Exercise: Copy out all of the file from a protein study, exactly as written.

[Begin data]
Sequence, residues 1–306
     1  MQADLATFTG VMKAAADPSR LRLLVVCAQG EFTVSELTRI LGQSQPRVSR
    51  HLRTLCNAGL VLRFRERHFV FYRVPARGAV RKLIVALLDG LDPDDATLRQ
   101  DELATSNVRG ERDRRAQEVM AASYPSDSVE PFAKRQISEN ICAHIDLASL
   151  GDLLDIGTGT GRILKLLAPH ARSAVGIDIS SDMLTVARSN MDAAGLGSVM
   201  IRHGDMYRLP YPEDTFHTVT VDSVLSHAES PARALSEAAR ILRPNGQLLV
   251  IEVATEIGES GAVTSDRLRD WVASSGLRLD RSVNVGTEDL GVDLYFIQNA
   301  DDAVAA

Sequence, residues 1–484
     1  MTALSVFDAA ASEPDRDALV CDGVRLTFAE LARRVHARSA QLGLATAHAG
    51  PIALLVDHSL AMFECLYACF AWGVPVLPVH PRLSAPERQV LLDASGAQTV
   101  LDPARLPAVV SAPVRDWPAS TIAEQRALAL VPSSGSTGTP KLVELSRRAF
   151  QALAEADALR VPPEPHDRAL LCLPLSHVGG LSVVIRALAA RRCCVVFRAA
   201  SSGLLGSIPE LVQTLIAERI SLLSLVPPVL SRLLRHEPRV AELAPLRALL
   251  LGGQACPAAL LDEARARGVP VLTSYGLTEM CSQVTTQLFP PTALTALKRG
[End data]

Sequence, residues 1–306
     1  MQADLATFTG VMKAAADPSR LRLLVVCAQG EFTVSELTRI LGQSQPRVSR
    51  HLRTLCNAGL VLRFRERHFV FYRVPARGAV RKLIVALLDG LDPDDATLRQ
   101  DELATSNVRG ERDRRAQEVM AASYPSDSVE PFAKRQISEN ICAHIDLASL
   151  GDLLDIGTGT GRILKLLAPH ARSAVGIDIS SDMLTVARSN MDAAGLGSVM
   201  IRHGDMYRLP YPEDTFHTVT VDSVLSHAES PARALSEAAR ILRPNGQLLV
   251  IEVATEIGES GAVTSDRLRD WVASSGLRLD RSVNVGTEDL GVDLYFIQNA
   301  DDAVAA

Sequence, residues 1–484
     1  MTALSVFDAA ASEPDRDALV CDGVRLTFAE LARRVHARSA QLGLATAHAG
    51  PIALLVDHSL AMFECLYACF AWGVPVLPVH PRLSAPERQV LLDASGAQTV
   101  LDPARLPAVV SAPVRDWPAS TIAEQRALAL VPSSGSTGTP KLVELSRRAF
   151  QALAEADALR VPPEPHDRAL LCLPLSHVGG LSVVIRALAA RRCCVVFRAA
   201  SSGLLGSIPE LVQTLIAERI SLLSLVPPVL SRLLRHEPRV AELAPLRALL
   251  LGGQACPAAL LDEARARGVP VLTSYGLTEM CSQVTTQLFP PTALTALKRG